Farm workers in Alberta to be included in new health and safety regulations

By Dave Mabell, Southern Alberta Newspapers

Farm and ranch workers will gain the same health and safety protection that covers all other Albertans on Jan. 1, under a new government initiative announced Tuesday.

Employment Standards regulations, Workers Compensation coverage and Occupational Health and Safety laws will be changed to include about 60,000 employees who have no protection under current Alberta law – as promised by the New Democratic Party during last spring’s election campaign.

“Everyone deserves a safe, fair and healthy workplace,” said Jobs, Skills, Training and Labour Minister Lori Sigurdson in announcing the new government bill.

Alberta has been the only province offering no such protection.

The new government’s Bill 6, The Enhanced Protection for Farm and Ranch Workers Act, was tabled in the Legislature on Tuesday.

Sigurdson also announced a series of public input and information sessions, including a Dec. 3 forum in Lethbridge. Albertans can also offer their views on-line at

Citizen and industry input opportunities will be followed in the new year by legislation amending the province’s employment standards and labour relations legislature, she said.

“We know Alberta’s farmers and ranchers are concerned about providing safe and fair workplaces,” said Oneil Carlier, the agriculture and forestry minister.

“I look forward to our discussions with them as we work out the details on the best way to do it.”

Protection for Alberta’s farm workers has been urged for many years by advocates like Bow Island residents Eric Musekamp and Darlene Dunlop. Musekamp, president of the Farmworkers Union of Alberta – not recognized by previous governments – began speaking out on the issue after a series of deaths and serious injuries on Alberta farms.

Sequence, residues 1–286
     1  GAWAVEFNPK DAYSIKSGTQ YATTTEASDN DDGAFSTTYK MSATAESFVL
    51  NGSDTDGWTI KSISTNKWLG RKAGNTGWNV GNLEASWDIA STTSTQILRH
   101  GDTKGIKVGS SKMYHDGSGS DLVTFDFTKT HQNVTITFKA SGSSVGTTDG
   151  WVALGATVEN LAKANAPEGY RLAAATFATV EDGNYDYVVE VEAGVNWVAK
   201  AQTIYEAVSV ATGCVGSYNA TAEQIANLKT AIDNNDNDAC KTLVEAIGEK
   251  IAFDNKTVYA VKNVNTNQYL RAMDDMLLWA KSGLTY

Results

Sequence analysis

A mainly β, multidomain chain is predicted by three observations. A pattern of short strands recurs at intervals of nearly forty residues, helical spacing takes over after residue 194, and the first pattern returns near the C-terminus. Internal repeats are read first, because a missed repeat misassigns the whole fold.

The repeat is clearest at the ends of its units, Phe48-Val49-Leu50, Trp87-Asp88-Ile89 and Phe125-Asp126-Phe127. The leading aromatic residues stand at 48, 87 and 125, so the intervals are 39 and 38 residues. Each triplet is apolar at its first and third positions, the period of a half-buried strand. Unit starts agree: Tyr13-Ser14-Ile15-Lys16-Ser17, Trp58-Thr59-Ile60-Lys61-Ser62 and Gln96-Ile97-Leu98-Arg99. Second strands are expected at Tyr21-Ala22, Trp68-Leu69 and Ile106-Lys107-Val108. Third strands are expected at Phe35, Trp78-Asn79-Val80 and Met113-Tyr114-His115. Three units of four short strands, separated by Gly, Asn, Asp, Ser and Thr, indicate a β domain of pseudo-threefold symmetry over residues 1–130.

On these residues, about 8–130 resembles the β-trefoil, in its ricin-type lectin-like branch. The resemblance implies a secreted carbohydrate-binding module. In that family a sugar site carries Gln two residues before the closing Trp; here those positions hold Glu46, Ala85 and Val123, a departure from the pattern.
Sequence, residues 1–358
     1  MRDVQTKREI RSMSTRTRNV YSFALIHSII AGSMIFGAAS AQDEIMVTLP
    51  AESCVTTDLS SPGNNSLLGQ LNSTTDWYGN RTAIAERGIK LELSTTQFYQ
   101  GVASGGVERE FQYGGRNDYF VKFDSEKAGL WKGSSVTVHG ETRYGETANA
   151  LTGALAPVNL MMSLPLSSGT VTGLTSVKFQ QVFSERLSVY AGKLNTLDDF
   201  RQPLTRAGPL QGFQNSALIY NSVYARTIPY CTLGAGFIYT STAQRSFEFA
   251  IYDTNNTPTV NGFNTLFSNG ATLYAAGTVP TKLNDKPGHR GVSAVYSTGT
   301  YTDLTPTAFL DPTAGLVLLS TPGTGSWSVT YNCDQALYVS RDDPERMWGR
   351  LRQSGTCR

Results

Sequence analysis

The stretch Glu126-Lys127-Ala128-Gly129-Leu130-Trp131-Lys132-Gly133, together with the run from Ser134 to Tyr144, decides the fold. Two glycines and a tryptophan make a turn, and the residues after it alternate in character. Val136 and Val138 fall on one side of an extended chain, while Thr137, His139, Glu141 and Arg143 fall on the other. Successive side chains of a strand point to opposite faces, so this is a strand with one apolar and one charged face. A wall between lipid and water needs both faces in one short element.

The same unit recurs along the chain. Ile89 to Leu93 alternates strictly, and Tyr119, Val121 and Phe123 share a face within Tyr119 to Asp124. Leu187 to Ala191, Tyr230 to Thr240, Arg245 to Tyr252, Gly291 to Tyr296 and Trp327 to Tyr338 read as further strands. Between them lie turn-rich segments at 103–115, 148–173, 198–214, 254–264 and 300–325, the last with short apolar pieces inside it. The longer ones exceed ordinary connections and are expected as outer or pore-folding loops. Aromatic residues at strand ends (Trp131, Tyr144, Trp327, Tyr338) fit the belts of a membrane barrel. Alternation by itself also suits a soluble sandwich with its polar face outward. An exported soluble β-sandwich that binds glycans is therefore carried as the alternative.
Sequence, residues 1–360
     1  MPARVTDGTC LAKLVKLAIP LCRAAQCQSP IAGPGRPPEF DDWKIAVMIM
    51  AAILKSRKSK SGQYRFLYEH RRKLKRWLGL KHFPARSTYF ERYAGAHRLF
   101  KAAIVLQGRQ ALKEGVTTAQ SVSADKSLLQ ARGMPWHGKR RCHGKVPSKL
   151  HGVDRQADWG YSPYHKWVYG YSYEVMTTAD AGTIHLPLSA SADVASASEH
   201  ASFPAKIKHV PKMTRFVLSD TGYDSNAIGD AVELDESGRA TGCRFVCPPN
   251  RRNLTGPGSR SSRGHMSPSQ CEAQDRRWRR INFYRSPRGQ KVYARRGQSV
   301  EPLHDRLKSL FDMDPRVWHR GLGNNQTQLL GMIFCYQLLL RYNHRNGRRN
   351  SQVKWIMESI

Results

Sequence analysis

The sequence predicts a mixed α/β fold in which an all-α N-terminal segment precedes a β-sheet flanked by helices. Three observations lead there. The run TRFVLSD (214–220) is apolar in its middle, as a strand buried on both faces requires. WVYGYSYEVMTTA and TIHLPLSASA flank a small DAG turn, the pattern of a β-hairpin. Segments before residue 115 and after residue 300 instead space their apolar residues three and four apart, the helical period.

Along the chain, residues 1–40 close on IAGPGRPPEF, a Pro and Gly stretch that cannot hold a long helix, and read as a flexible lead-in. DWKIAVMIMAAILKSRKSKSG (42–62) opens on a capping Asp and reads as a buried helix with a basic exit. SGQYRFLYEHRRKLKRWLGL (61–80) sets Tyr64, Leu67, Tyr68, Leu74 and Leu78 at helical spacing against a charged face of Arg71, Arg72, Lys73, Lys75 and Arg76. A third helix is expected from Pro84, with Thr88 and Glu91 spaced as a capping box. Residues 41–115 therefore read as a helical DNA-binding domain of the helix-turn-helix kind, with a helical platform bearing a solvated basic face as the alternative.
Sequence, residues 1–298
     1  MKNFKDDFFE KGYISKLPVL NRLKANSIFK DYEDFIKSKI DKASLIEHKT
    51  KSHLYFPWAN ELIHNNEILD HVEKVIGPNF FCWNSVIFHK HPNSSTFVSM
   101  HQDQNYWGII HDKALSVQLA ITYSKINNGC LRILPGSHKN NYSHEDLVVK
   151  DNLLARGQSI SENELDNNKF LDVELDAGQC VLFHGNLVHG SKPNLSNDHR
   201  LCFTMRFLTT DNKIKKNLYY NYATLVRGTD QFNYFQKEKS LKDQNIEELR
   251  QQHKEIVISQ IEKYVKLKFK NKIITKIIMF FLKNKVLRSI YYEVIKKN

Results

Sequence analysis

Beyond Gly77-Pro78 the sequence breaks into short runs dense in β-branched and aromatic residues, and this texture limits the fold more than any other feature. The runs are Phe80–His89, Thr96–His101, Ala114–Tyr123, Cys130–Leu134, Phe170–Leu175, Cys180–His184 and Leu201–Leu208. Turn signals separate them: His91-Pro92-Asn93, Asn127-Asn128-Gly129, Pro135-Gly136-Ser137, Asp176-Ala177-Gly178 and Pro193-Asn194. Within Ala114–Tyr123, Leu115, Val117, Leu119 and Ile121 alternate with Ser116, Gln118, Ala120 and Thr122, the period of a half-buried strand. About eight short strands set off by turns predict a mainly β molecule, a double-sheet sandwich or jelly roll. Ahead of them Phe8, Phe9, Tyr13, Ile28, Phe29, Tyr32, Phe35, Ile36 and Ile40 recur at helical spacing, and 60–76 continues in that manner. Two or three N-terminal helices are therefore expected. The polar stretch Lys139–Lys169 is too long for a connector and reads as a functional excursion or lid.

Last year, according to provincial reports, 25 Alberta farm workers died of farm-related injuries and hundreds more were admitted to hospital. Twelve of those killed were workers over the age of 65, and two under the age of 18.

“We want to ensure these devastating incidents don’t go un-investigated,” Sigurdson said. Investigators’ findings should “help producers and the industry manage the risks relating to farming operations.”

The new legislation will also require 43,000 farmers and ranchers to purchase insurance to cover their employees.

“We are making these changes because farm and ranch workers deserve the same rights and protections as workers in other industries,” she said.

“Today is a great day for Alberta,” responded Liberal leader David Swann, after the introduction of “desperately needed legislation.

“The days of a legal framework that would make Charles Dickens blush will at long last come to an end in Alberta.”

But Grant Hunter, the Wildrose critic for jobs, skills, training and labour agriculture, called for “proper consultation” with the province’s family farmers and industry representatives before changes are made.

Passing the legislation too quickly, he warned, “could lead to bad outcomes for Alberta’s second largest industry.”